Explaining Emerging (Part 3) – Authenticity

One of the most popular emerging buzz-words is authentic. Being authentic is an important goal for emerging churches and Christians alike. This is basically a reaction against two things: commercialised church and super-spiritual Christians. Emergents are tired of churches who are so eager to grow that their services turn into slick marketing campaigns and their rhetoric sounds increasingly like political spin. And they are tired of “keeping up appearances”, never admitting to doubts or personal battles with sin.

By contrast the authentic Christian is willing to reveal their own weaknesses, failings and doubts. The church is not led by a super-hero personality, but by an ordinary person being “real” about their own emotions and battles. The authentic church is not afraid to discuss the difficult issues – (e.g. why is prayer not always answered) – and seeks to be honest about the trials of the Christian life.

I stumbled across this blurb for a new book called “Blind Spots in the Bible” by Adrian Plass. I don’t know if he identifies with the emerging church or not, but I have emphasised a couple of phrases which typify the “authentic” approach:

“Adrian Plass approaches 40 ‘blind spots’ in the Bible with honest comment and quirky insights. … Although not offering easy answers, Adrian Plass opens up over 40 blind spots, asking searching questions and responding from his own vulnerable honesty.”

The implications for mission are significant. Rather than bringing non-Christian friends to church and hoping that they will be impressed by how “vibrant” or “powerful” it is, the authentic Christian hopes they will be impressed by the quality and depth of community forged by people who are willing to be true about who they really are. It is into this non-threatening environment that the seeker themselves feels able to join without feeling condemned for who they are. Sin can be confessed without fear of being rejected and excluded.

Of course, the emerging church does not have a monopoly on the word “authentic”. Many evangelicals have written about living an authentic Christian life, often emphasising the need for integrity. It is sad that many in the emerging church are former evangelicals who have become disillusioned with what they see as a lack of authenticity within evangelicalism. The New Testament authors themselves display a commendable measure of authenticity in the way they warn Christians of the real struggles and difficulties they will face. The glamourised and idealised picture of the Christian life presented by some best-selling modern authors is not one that finds its basis in the Bible.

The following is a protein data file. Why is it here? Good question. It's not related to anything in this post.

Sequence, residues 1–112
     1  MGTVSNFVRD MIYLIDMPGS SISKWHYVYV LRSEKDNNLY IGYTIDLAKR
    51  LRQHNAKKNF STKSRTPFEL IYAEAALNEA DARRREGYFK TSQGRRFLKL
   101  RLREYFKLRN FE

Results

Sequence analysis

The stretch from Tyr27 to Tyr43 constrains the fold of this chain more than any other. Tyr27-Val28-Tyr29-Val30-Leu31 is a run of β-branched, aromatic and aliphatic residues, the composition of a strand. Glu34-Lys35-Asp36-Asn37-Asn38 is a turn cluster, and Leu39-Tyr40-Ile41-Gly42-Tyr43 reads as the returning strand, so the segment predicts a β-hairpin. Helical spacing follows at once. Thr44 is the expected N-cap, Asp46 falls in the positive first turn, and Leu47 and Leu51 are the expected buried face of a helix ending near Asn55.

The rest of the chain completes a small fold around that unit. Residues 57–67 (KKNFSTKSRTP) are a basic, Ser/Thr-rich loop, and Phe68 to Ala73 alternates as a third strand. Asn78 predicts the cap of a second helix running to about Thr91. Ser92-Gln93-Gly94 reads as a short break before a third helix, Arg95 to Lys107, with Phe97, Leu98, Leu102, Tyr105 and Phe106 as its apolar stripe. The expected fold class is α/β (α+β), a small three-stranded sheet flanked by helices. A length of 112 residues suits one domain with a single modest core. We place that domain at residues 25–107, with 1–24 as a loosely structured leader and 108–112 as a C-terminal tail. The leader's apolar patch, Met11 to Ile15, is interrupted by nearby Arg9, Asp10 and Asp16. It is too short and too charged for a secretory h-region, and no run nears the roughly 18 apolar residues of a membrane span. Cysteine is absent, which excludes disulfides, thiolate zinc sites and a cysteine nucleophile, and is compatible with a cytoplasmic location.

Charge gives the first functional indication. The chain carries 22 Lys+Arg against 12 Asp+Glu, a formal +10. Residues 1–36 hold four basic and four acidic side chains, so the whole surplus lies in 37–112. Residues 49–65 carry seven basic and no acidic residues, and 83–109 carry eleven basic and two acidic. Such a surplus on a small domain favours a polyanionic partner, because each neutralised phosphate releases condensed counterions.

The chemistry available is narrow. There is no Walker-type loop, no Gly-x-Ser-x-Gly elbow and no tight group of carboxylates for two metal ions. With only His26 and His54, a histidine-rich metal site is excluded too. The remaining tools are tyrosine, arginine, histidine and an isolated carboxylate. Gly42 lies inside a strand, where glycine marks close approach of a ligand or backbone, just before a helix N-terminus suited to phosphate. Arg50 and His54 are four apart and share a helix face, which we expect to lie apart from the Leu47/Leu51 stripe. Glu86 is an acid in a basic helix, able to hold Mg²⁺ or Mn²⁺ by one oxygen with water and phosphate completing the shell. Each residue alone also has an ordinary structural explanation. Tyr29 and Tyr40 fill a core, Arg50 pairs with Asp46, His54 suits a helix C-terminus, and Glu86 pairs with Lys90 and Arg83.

So we can say that the desire to be authentic is one that evangelicals should be welcoming. Let us strive for more openness and honesty between us. Let us beware of trying to wow people with amazing church services, and make sure that underneath there is a real quality of community and relationships. Let us make sure our fine-sounding words are backed up with actions. And let us be more supportive of those who are willing to admit to their doubts and struggles, while at the same time not creating an environment where we make peace with sin.

5 thoughts on “Explaining Emerging (Part 3) – Authenticity

  1. Hi Mark,

    Again noble thoughts and truth we all should be mindful of.

    I’ve recently blogged on my experiences at Woodside and one of the themes that emerged was the growing ‘inauthenticity’ which I experienced (both within myself and others) because of our desire to pioneer in seeing the church grow.

    Things may be different at your church (I’ve never been there) but similar ‘tensions’ were also very apparent at Prayer & Fasting events. Authenticity is all about honesty and transparency and during my NFI time I had one too many a taste of ‘spin’ and ‘smoke-and-mirrors’.

    There’s an interesting thread on the Ship Of Fools (in the Purgatory forum) entitled ‘Post-evangelical 11 years on’, which is about Dave Tomlinson (who wrote the book of the same name) and his departure from Restorationism.

    One thing which surfaced during the SofF debate was that a lot of those who would identitfy with the label ‘post-evangelical/open-evangelical/emerging’ were actually (on closer inspection) defining themselves as ‘post-Restorationist’. It seemed that the particularly restorationist varient of evangelicalism during the 70’s, 80’s and 90’s led more than a few into a Spiritual cul-de-sac.

    I’d be interested to know what you think but, from what I read, it appears that the critique of the emerging movement re: ‘authenticity’ (with which I have a lot of sympathy) may be a lot closer to home than we had hither to thought.

    Thanks for blogging on this issue.

  2. Jon, thanks for the kind words! I only recently found your site and have been enjoying reading it.

    Richard, thanks for the link to the Ship of Fools thread. Very interesting. And I do know exactly what you are talking about as I have had similar experiences. I think within newfrontiers at the moment there are some tensions heading in different directions. There are those wanting more “authenticity” but there are also those who see the spectacular spectacular healing extravaganza or similar to be the the holy grail of church life. That is not to say that I don’t believe that the miraculous and authenticity are incompatible. Its just sadly they are rarely found together.

  3. Just to pass on, I don’t think Plass would consider himself part of the emerging church; he just considers his ‘ministry’ to be, as he once put it, “to make a sort of public idiot of myself” by being honest in his writings and preaching.

  4. Pingback: Explaining Emerging (Summary) « wordandspirit

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